Our research extends current theorising in evolutionary economics and complex adaptive systems to consider the role of agency and inter-territorial connectivity in shaping resilience outcomes. Our work also considers the role that sub-national policies can play in building resilience through preparing for and responding to economic shocks.
The Centre is currently leading a major EU funded project examining the economic resilience of regions in the face of economic crises. Funded by the ESPON research programme it is exploring regional differences in levels of economic resilience, whilst questioning what this means in practice and exploring the factors that underpin differences in performance.
Taking a more conceptual approach is the project 'Territories & Technologies in an Unstable Economy: An evolutionary framework of regional resilience' (T-Res). Using an evolutionary economic geography approach, the project focuses on the adaptation of EU regions in response to a macroeconomic shock such as the recession. This project is funded by the ESRC Open Research Area (ORA) from 2011-2014.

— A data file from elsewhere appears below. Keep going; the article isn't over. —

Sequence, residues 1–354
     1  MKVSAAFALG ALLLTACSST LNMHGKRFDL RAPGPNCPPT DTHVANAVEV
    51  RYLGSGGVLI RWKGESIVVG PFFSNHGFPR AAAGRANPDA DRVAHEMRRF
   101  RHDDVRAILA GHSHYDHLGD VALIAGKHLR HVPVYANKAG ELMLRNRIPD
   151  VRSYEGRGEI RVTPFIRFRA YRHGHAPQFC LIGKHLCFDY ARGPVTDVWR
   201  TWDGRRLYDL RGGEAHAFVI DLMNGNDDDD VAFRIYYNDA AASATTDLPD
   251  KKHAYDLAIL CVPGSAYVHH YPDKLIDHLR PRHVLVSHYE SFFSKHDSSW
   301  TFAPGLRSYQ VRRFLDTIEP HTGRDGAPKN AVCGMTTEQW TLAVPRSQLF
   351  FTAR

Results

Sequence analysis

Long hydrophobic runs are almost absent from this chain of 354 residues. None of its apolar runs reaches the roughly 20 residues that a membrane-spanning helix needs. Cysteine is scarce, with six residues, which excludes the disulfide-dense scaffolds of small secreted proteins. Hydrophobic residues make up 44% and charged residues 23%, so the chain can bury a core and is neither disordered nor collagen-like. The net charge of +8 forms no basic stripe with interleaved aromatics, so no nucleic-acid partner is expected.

For information on this research stream please contact Professor Gillian Bristow.
Networks and knowledge
Perhaps the most interesting implications of recent developments in the field of economic geography relate to the impact of the spatial organisation of regions on flows of knowledge. In particular, it is considered that differences in regional development and growth can potentially be explained by differences in the conditions for creating, accumulating and – crucially – transmitting knowledge.
Through research funded by the UK’s Economic and Social Research Council, NESTA, the European Union’s Framework Programme, and a range of regional authorities, researchers at the Centre have focused their research on examining the inter-organisational networks underpinning the flow of knowledge within and across regions. The Centre’s work has focused on the role of networks as a capital asset – network capital – facilitating the flow of economically valuable knowledge.
While studies often apply the network concept in a broad manner, few have sought to apply it in a more formal and constrained way, the Centre’s work has sought to establish a more precise rendering of the potential role of networks and knowledge within regional development and growth processes. Building on work in the field of relational economic geography, some of the key questions the Centre is seeking to tackle include: